The Merrill Common Council last Tuesday ratified a development agreement with Walmart for the construction of a new super center store across Hwy. 64 from the current Walmart.
City Administrator David Johnson said that Walmart and city staff had come up with an agreement that satisfied both parties before bringing it to the council for final action.
“This agreement represents extremely long, arduous and well thought out negotiations on the part of both parties,” said City Attorney Tom Hayden.
Walmart has contracted to purchase approximately 24 acre of vacant land on the southwest side of the Hwy. 64 and Hwy. 51 intersection. Walmart is proposing to build a 119,500 square foot super center facility on approximately 22 acres of that land. The property is zoned thoroughfare commercial. With the conditional use permit approved by the city months ago, the Walmart development is a permitted use.
The city will contribute $400,000 toward the reconstruction of the Hwy. 64 and Pine Ridge Avenue intersection. The city’s contribution will be made as a reimbursement to Walmart after the work is done. The city intends to repay itself for the contribution through tax increment from the tax increment district in which Walmart will be located.
The city was originally not going to participate in the costs of improving the intersection. However, the scope of the project changed after the Wisconsin Department of Transportation weighed in on Walmart’s plans.
According to Brady Busselman, project manager for Walmart consultant MFRA, Walmart initially budgeted $400,000-$500,000 for all off-site improvements expected at that time. That included the intersection upgrade, extension of Pine Ridge Avenue south, sidewalk extension, and a signal on the northbound Hwy. 51 off-ramp. The Wisconsin Department of Transportation responded to Walmart’s traffic impact analysis in July with a proposal for a roundabout at that intersection, which would have been far costlier than what Walmart had bargained for.
“We were looking at a total of $1.3 million,” Busselman said. “A lot of that was due to an existing safety issue unrelated to the increased traffic from the Walmart development.”
Walmart, the city and WisDOT met several times and arrived at an agreement that a reconstructed signalized intersection would be a viable solution. The current estimated cost of the intersection reconstruction is $875,000, Busselman said. Adding in other costs that are included in the development agreement (including City review/inspection fees, right-of-way purchase, and sanitary sewer escrow), the total estimate for public improvements is now at $1,717,000.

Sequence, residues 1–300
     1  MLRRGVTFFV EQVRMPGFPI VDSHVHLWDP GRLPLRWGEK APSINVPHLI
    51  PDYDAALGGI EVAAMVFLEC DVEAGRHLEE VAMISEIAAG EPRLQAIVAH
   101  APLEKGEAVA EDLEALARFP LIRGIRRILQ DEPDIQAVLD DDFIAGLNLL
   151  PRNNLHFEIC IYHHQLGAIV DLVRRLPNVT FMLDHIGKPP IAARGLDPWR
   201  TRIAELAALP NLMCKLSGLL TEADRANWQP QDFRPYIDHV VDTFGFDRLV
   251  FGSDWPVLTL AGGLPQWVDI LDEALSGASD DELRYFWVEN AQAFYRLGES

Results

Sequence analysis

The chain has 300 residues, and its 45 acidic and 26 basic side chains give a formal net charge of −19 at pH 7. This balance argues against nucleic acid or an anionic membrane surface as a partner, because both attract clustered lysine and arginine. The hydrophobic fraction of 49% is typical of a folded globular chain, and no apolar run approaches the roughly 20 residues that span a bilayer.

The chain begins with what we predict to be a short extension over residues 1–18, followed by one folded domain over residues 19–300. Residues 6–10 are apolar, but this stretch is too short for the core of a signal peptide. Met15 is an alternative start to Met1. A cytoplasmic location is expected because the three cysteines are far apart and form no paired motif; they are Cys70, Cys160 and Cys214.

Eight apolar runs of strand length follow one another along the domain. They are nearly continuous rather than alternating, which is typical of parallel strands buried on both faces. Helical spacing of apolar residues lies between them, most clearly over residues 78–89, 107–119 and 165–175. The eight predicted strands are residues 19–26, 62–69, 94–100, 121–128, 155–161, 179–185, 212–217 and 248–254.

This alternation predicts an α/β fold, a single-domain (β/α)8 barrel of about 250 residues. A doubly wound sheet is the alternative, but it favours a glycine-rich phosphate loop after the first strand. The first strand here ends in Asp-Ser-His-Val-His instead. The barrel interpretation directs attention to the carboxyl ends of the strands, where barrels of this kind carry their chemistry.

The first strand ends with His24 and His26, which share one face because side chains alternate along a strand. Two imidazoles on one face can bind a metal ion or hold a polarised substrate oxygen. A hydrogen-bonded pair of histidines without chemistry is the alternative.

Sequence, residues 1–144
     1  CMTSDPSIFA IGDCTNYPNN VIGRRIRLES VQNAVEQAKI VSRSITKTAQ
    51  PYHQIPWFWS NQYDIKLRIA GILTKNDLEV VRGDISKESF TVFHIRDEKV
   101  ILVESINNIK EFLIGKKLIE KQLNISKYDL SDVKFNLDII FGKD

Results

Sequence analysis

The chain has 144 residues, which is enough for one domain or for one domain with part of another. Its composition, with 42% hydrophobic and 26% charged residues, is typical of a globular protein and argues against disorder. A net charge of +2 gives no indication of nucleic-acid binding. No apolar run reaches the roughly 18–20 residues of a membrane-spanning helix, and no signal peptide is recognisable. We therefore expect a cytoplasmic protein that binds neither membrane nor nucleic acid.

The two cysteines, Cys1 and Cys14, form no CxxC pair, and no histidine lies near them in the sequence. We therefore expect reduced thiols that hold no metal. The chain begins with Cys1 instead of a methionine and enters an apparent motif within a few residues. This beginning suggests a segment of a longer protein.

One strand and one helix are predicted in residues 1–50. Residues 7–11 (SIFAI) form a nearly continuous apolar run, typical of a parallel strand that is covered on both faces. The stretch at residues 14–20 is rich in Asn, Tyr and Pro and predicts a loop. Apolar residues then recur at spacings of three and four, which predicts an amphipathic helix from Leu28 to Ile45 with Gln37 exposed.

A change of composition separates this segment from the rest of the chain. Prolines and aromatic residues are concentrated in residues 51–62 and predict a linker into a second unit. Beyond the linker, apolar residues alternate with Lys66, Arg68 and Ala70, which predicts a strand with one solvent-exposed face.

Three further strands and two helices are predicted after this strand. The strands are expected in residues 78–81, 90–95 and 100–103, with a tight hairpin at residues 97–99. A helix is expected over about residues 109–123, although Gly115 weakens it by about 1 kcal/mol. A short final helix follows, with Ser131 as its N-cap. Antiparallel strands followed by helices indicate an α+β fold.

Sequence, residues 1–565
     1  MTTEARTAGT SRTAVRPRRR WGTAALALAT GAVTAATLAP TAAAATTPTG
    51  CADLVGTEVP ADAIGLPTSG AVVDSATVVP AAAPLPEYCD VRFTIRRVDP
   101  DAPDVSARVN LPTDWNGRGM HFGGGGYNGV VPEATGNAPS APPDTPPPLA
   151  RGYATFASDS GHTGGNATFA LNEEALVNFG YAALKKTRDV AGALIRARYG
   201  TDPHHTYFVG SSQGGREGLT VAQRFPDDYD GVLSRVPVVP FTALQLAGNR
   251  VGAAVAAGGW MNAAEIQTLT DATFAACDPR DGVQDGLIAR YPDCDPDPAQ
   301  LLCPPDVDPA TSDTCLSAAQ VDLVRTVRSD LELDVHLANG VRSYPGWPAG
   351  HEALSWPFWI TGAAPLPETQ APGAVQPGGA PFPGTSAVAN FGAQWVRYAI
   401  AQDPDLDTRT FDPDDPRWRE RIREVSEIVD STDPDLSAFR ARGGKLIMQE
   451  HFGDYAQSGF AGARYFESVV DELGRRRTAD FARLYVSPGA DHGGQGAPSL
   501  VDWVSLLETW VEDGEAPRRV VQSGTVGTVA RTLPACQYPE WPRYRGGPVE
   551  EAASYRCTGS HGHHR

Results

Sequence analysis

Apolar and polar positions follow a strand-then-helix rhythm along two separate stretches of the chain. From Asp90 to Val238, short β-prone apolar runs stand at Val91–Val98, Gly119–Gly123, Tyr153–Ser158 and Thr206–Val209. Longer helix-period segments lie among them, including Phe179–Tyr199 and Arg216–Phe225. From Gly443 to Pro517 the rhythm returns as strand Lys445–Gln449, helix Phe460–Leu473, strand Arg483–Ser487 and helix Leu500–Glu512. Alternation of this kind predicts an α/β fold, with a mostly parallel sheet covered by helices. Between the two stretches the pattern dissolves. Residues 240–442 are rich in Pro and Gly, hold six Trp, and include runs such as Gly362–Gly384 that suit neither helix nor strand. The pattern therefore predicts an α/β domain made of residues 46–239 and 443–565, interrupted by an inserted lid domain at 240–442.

“All involved thought it was reasonable for the city to take on a portion of that,” said Mayor Bill Bialecki.
“Sooner or later that intersection needed to be replaced,” Johnson said. “It’s been a problem for 20 years. The city would have had money in it.”
Bialecki noted that the taxes paid on the new Walmart store and the Park City Credit Union building, which will be constructed at the northwest corner of the property, will quickly pay off the city’s investment. Just those two developments are projected to pay $3.3 million in taxes over the first 10 years, Bialecki said, adding that additional development is almost guaranteed to be attracted by the Walmart store.
The development agreement also includes stipulations for the design of a stormwater detention area on approximately two acres of property. It also requires a fence similar in design to the fences around the downtown municipal parking lots.
With regard to sewer improvements, Walmart is required to deposit $40,000 in an escrow account with the city to pay for 800 feet of 8’ sanitary sewer to be installed to the south city limits along South Pine Ridge Avenue to facilitate future development to the south of the Walmart property.
The agreement also includes specifications for the extension of Pine Ridge Avenue along the western boundary of the Walmart development.
Walmart will construct approximately 1,000 feet of meandering sidewalk on the south side of East Main Street from Eagle Drive to the new Walmart store.
The agreement also addresses the marketing of the current Walmart store. At least once every 60 days, Walmart is required to provide a report to the city administrator detailing their efforts to sell, lease or reopen the original store.
Bialecki said the marketing of the current store will be a joint effort between Walmart and the city. He said it will be easier to work on recruiting a new tenant to the building once a construction schedule is set for the new Walmart facility.
Busselman said the Walmart team will continue to work through the winter on finalizing permits and construction documents, with the goal of breaking ground in the spring of 2013.